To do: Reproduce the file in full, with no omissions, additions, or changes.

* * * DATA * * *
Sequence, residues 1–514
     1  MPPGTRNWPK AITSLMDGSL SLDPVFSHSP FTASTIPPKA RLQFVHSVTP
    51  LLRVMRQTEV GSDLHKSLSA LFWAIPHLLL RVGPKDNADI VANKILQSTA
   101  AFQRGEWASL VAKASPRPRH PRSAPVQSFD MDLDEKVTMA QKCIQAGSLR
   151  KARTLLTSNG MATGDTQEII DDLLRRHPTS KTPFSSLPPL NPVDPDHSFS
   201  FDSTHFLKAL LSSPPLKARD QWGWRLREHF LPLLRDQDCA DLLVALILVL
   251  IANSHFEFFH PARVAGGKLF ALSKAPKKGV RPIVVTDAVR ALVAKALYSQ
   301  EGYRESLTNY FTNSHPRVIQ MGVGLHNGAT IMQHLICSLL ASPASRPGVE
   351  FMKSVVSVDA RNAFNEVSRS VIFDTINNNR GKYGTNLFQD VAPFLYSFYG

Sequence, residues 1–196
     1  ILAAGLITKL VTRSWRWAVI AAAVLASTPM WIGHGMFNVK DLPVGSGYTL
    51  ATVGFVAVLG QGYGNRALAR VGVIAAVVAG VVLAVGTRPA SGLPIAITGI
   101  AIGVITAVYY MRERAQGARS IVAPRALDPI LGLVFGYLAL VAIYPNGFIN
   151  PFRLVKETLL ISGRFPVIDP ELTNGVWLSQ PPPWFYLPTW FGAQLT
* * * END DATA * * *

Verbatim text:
Sequence, residues 1–514
     1  MPPGTRNWPK AITSLMDGSL SLDPVFSHSP FTASTIPPKA RLQFVHSVTP
    51  LLRVMRQTEV GSDLHKSLSA LFWAIPHLLL RVGPKDNADI VANKILQSTA
   101  AFQRGEWASL VAKASPRPRH PRSAPVQSFD MDLDEKVTMA QKCIQAGSLR
   151  KARTLLTSNG MATGDTQEII DDLLRRHPTS KTPFSSLPPL NPVDPDHSFS
   201  FDSTHFLKAL LSSPPLKARD QWGWRLREHF LPLLRDQDCA DLLVALILVL
   251  IANSHFEFFH PARVAGGKLF ALSKAPKKGV RPIVVTDAVR ALVAKALYSQ
   301  EGYRESLTNY FTNSHPRVIQ MGVGLHNGAT IMQHLICSLL ASPASRPGVE
   351  FMKSVVSVDA RNAFNEVSRS VIFDTINNNR GKYGTNLFQD VAPFLYSFYG

Sequence, residues 1–196
     1  ILAAGLITKL VTRSWRWAVI AAAVLASTPM WIGHGMFNVK DLPVGSGYTL
    51  ATVGFVAVLG QGYGNRALAR VGVIAAVVAG VVLAVGTRPA SGLPIAITGI
   101  AIGVITAVYY MRERAQGARS IVAPRALDPI LGLVFGYLAL VAIYPNGFIN
   151  PFRLVKETLL ISGRFPVIDP ELTNGVWLSQ PPPWFYLPTW FGAQLT